If the world’s biggest iron-ore producer has its way, the days of boom-and-bust price swings are over.
After a year in the job, Vale SA Chief Executive officer Fabio Schvartsman is pursuing a disciplined approach, keeping tens of millions of tons in the ground each year to prevent another painful glut that took prices below $40 a ton in 2015. But if prices look like they’re heading back toward the $100-plus super-cycle days, he’s also prepared to defend the status quo by unleashing that spare capacity onto the market.
The fact that the 64-year-old feels it’s his responsibility to cultivate a Goldilocks market for the steelmaking ingredient is a big deal: last week Wood Mackenzie identified Vale as the only producer capable of adding significant high-grade supply from new operations in the Brazilian Amazon.
“If and when there is a change in the market that sends prices through the ceiling, Vale will put more product in the market,” Schvartsman said in an interview on Friday at Bloomberg’s headquarters in New York. That would happen if prices are “dangerously approaching $100,” he said.
For now, that scenario seems distant.
In March, prices slumped into a bear market as investors fretted over weaker-than-expected springtime demand in China, record holdings accumulated in mainland ports and rising trade tensions. While the price has steadied in the past several weeks, at $66.55 it’s still 16 percent below a late-February peak amid lingering concerns over Chinese stockpiles. Singapore futures resumed their slide Monday, losing 2.7 percent, the biggest intraday drop in a month.
The Australian government forecasts the raw material to slump in 2019 as Chinese imports level off and new mines including Vale’s S11D boost supply. Last week, Wood Mackenzie echoed Vale’s comparatively bullish outlook, saying the benchmark will be “comfortably above” $60 over the long term.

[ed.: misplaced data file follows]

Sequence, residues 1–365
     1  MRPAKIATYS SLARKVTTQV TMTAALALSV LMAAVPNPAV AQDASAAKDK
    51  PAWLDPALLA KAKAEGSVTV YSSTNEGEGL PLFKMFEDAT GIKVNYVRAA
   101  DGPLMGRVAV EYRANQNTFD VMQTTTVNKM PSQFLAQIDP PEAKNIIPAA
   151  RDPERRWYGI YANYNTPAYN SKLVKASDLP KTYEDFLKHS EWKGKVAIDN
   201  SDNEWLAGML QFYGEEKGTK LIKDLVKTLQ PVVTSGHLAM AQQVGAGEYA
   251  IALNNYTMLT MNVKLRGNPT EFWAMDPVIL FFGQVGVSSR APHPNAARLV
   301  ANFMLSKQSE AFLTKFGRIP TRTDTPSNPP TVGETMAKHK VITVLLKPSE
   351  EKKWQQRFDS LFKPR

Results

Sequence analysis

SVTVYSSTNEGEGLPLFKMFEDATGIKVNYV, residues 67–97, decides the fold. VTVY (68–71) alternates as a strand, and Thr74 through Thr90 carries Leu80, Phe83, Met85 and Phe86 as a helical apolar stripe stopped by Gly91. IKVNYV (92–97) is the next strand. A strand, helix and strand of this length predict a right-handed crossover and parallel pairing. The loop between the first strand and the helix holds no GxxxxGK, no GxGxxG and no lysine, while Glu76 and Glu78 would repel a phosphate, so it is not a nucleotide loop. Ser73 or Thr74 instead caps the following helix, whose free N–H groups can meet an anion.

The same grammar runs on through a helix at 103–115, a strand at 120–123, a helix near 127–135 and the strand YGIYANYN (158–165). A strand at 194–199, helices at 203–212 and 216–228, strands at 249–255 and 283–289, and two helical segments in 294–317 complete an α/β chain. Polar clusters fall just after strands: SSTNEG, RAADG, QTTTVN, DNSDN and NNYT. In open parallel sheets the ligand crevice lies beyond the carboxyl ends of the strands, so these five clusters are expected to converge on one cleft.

For the Rio de Janeiro-based company, ideally prices would stay in the current band of $60 to $80. Apart from Vale’s decision to refrain from operating at full capacity, that $60 floor is supported by high production costs at less efficient operators.
China’s pursuit of a more efficient, cleaner steel industry is creating a more segmented global iron market, with greater premiums paid for higher-quality ore. That windfall has Vale on track for a third straight annual earnings increase and is helping Schvartsman tame what was once the industry’s heaviest debt load.
With Vale’s shares and bonds outperforming and dividends on the rise, it’s easy to see why the CEO is content to produce 390 million to 400 million tons a year for the foreseeable future despite nominal capacity of 450 million tons.
But if it’s needed, it’s there. “We have the ability in three months time to bring up to 50 million tons a year of ore to the market,” he said.
With little direct mining experience before taking over at Vale, Schvartsman has developed a taste for the industry, saying he wants to keep going in the role after his current contract expires next year.
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